Tribology International 65 (2013) 295–302

Contents lists available at ScienceDirect

Tribology International
journal homepage: www.elsevier.com/locate/triboint

Effect of SiO2 and PTFE additives on dry sliding of NiP electroless coating
D. Gutsev a, M. Antonov b,n, I. Hussainova b, A.Ya. Grigoriev a
a b

Metal-Polymer Research Institute NASB, Gomel, Belarus Department of Materials Engineering, Tallinn University of Technology, 19086 Tallinn, Ehitajate tee 5, Estonia

a r t i c l e i n f o
Article history: Received 3 August 2012 Received in revised form 7 December 2012 Accepted 10 December 2012 Available online 8 January 2013 Keywords: NiP self-lubricating coating SiO2 and PTFE additives Dry sliding Coefficient of friction

abstract
The aim of the present work is to study the effect of silicon dioxide and polytetrafluoroethylene (PTFE) additives on NiP coating performance under dry (unlubricated) conditions in unidirectional and reciprocating sliding modes in Ball-on-Flat configuration. Yttria-stabilized zirconia and chrome steel balls were used as counterbodies. Microstructural examination of specimens was conducted by a SEM with EDS. It was found that in contact with steel ball both additives were beneficial, while addition of SiO2 particles was detrimental for contact against ceramic ball. The highest improvement of tribological performance was obtained for NiP coated samples having PTFE or mixed additives. & 2013 Elsevier Ltd. All rights reserved.

1. Introduction Nickel–based coatings are widely used in mechanical engineering, electronics and chemical industry because of their hardness, corrosion and wear resistance. Their stable coefficients of friction (COF) in vacuum and air as well as high electrical conductivity make them promising for various applications in many sectors of industry such as transport (air, sea and land), energy generation, and manufacturing [1–7]. The challenge arises to development of nanostructured coatings that benefit from the unique physical and tribological properties of functional layers and nanoparticles incorporated into their structures. Significant improvement in tribological characteristics of NiP coatings can be reached by introducing self lubricating agent. Nowadays, a successful application of fluopolymer nanofillers such as polytetrafluorethylen (PTFE), perfluoroalkoxy (PFA), fluorinated ethylene propylene (FEP) and ethylene tetrafluoroethylene (ETFE) for reduction wear losses and increase durability of the final product is of a great interest for industry. These fillers are found to increase plasticity of Ni-based matrix and prevent crystallisation of the coating at counterbodies contact spots where the flash temperature caused by frictional heating increases to a great extent. Electroless (chemical) deposition allows obtaining coatings of uniform thickness of any irregularly shaped surfaces made of either metallic or non-metallic materials. A process of deposition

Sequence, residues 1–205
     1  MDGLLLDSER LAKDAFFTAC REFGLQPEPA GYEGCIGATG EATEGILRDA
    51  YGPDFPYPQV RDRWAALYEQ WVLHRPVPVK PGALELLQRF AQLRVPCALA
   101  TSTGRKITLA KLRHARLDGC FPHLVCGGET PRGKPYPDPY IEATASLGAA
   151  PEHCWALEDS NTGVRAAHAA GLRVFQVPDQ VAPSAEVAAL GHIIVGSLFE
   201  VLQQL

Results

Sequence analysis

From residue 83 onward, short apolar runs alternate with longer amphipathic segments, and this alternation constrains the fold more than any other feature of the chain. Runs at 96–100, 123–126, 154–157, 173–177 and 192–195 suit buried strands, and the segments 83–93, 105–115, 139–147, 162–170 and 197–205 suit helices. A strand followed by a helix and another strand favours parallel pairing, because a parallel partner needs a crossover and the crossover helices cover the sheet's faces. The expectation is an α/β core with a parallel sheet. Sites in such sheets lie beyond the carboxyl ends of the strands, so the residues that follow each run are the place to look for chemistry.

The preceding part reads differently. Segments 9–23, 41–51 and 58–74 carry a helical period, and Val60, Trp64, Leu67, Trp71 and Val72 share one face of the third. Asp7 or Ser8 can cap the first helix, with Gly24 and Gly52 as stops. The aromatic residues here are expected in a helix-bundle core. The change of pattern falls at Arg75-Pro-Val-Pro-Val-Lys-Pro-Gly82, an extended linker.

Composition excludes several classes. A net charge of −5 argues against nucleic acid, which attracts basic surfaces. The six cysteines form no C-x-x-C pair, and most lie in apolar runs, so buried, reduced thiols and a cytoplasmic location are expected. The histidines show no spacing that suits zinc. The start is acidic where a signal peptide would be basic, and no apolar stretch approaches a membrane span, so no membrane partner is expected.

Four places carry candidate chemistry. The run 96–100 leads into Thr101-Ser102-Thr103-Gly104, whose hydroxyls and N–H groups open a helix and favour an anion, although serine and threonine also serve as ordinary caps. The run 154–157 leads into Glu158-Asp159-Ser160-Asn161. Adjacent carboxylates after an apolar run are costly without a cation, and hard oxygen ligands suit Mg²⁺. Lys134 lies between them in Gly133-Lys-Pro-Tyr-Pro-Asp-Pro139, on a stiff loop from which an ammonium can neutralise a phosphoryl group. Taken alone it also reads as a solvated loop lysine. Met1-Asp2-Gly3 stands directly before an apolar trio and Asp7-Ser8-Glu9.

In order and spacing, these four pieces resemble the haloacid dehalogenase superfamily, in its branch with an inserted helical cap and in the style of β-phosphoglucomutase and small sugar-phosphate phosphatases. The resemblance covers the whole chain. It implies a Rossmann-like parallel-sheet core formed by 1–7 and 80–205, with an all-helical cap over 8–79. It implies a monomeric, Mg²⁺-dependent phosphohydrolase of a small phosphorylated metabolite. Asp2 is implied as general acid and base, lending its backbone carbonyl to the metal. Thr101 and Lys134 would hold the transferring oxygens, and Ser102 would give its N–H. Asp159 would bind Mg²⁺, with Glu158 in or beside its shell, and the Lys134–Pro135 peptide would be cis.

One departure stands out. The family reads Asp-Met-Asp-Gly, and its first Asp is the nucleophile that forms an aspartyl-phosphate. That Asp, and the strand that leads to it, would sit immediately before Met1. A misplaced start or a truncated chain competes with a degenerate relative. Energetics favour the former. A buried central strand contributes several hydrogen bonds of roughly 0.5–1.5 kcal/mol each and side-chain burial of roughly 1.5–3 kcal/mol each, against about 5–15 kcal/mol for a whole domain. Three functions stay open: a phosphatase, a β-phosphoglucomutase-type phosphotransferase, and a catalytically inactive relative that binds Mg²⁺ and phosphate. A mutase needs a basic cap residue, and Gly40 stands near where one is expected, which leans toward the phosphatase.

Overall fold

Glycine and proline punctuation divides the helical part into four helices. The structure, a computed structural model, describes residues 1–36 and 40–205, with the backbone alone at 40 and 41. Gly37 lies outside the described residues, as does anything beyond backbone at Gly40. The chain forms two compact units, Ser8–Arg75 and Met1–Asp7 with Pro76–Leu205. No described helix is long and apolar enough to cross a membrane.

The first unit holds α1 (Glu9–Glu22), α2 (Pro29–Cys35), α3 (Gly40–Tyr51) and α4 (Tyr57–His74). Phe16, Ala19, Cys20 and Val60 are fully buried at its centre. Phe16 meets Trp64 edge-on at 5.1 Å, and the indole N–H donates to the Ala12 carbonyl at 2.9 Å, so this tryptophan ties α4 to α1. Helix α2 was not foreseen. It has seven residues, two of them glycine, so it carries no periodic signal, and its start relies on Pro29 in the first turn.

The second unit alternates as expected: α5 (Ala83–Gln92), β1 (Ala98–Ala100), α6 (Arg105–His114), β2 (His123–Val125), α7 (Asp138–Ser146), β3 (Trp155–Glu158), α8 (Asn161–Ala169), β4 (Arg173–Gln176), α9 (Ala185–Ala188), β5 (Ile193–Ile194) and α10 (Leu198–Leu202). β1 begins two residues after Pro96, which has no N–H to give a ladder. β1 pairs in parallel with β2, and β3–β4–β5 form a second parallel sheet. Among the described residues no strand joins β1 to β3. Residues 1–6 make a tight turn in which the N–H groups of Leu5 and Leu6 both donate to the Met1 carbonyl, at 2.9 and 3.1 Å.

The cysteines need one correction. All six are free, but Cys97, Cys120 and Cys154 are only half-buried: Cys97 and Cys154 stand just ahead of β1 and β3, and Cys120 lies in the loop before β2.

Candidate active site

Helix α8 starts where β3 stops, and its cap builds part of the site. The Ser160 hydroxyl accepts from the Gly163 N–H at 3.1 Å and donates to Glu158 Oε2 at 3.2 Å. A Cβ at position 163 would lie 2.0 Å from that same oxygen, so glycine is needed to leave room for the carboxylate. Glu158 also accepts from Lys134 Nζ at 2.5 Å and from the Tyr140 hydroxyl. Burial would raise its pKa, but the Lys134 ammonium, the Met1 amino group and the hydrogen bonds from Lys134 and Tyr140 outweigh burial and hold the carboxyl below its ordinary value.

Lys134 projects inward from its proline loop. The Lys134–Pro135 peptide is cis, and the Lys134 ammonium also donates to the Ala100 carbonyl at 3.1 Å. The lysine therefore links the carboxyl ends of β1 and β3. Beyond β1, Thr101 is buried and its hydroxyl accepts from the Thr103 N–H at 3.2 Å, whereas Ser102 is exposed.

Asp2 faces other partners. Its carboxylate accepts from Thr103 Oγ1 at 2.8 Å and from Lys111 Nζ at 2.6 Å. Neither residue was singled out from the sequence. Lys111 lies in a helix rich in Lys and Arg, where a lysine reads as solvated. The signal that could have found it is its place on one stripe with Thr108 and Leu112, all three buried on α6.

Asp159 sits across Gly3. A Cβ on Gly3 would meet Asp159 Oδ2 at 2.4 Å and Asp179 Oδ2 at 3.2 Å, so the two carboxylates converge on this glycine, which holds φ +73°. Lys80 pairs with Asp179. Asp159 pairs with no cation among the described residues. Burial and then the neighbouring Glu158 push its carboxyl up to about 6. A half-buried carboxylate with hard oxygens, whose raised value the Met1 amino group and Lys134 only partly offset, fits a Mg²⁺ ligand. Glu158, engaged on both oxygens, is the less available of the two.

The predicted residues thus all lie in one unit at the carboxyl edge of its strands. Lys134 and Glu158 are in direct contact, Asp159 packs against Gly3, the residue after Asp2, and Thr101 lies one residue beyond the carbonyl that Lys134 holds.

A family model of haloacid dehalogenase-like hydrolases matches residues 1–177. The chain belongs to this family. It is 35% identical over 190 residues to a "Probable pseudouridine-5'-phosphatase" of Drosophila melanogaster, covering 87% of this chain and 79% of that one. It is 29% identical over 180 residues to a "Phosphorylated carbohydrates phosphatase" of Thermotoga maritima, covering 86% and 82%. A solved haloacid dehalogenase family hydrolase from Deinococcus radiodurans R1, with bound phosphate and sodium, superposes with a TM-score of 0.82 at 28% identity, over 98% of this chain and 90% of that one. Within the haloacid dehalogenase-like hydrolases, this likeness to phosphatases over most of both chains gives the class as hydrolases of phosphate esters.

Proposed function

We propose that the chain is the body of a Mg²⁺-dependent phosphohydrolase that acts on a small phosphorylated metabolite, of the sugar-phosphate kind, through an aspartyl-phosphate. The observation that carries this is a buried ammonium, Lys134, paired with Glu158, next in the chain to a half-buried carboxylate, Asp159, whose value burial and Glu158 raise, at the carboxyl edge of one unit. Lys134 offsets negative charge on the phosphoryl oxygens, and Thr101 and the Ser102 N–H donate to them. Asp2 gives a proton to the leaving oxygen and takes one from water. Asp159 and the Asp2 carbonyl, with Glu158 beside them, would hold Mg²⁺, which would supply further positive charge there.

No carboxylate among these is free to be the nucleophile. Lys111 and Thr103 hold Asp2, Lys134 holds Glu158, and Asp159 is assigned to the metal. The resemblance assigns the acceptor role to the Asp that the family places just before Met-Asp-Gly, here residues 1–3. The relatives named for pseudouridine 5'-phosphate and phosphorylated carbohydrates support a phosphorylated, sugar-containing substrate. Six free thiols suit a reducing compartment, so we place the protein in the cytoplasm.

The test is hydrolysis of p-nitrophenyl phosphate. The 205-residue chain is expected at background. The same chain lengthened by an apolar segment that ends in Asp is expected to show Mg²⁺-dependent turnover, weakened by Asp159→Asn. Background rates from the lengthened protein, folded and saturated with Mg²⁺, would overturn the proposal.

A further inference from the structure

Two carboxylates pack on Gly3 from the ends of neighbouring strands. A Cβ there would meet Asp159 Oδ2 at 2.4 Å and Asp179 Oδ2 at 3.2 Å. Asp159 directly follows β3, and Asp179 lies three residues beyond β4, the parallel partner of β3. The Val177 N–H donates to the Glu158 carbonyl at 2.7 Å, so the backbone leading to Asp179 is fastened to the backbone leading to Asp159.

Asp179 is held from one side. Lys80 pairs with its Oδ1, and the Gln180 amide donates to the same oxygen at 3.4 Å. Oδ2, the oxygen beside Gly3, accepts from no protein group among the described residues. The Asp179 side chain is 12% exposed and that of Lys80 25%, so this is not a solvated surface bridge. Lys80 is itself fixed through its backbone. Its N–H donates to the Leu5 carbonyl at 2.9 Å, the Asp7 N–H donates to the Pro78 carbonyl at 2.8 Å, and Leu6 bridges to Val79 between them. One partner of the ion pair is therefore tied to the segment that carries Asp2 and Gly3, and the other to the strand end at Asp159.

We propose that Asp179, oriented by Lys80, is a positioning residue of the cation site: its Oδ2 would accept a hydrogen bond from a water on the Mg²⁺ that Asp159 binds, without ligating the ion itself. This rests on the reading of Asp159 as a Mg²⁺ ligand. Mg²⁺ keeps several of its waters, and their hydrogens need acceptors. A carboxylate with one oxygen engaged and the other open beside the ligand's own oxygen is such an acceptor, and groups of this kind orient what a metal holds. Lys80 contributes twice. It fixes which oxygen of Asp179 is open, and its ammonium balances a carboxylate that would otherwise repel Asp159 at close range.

n

Corresponding author. Tel.: þ 372 6203355; fax: þ 372 6203480. E-mail addresses: Maksim.Antonov@ttu.ee, mcsima@mail.ru (M. Antonov).

is based on oxidation–reduction reaction, when reducer is oxiÀ þ dised by H2PO4 and Ni2 ions are precipitated onto substrate surface [8,9]. Generally there is a linear relationship between a holding time (in bath) and a final coating thickness [9]. Co-plating of phosphorus (P) results in formation of nickel phosphide (NiP and Ni3P) enabling sufficient increase in hardness of a coating (up to 1000 HV) during heat treatment [10–12]. One of the current trends is a process of chemical codeposition of nickel added by hard (ceramic) particles such as SiC, B4C, Cr2C3, WC, BN, Si3N4, Al2O3, ZrO2, TiO2, K2Ti6O13, CeO2, SiO2, diamond [5,6,13–18] and carbon nanotubes; or solid lubricants such as PTFE, MoS2, WS2, graphite [4,5,19–25], etc. Incorporation of suitable additives results in increasing hardness and wear resistance as well as decreasing coefficient of friction of the coatings that allows service in dry conditions without additional lubricant. By co-depositing the PTFE particles, the hydrophobic coating with excellent anti-sticking performance, and lubricating ability can be obtained. According to authors knowledge the NiP coatings added by combined PTFE and SiO2 particles have not been studied yet. It is supposed that silicon dioxide particles impede dislocation movement and act as barriers to retard the plastic deformation of ductile Ni–P matrix and hence increase the microhardness while PTFE reduces the COF and increase a load bearing capacity. The aim of the present work is to study the effect of silicon dioxide and polytetrafluoroethylene (PTFE) additives on NiP coating performance under dry sliding conditions in unidirectional and reciprocating mode in Ball-on-Flat configuration. The scanning method for the evaluation of the critical forces was applied to improve the differentiation among coatings.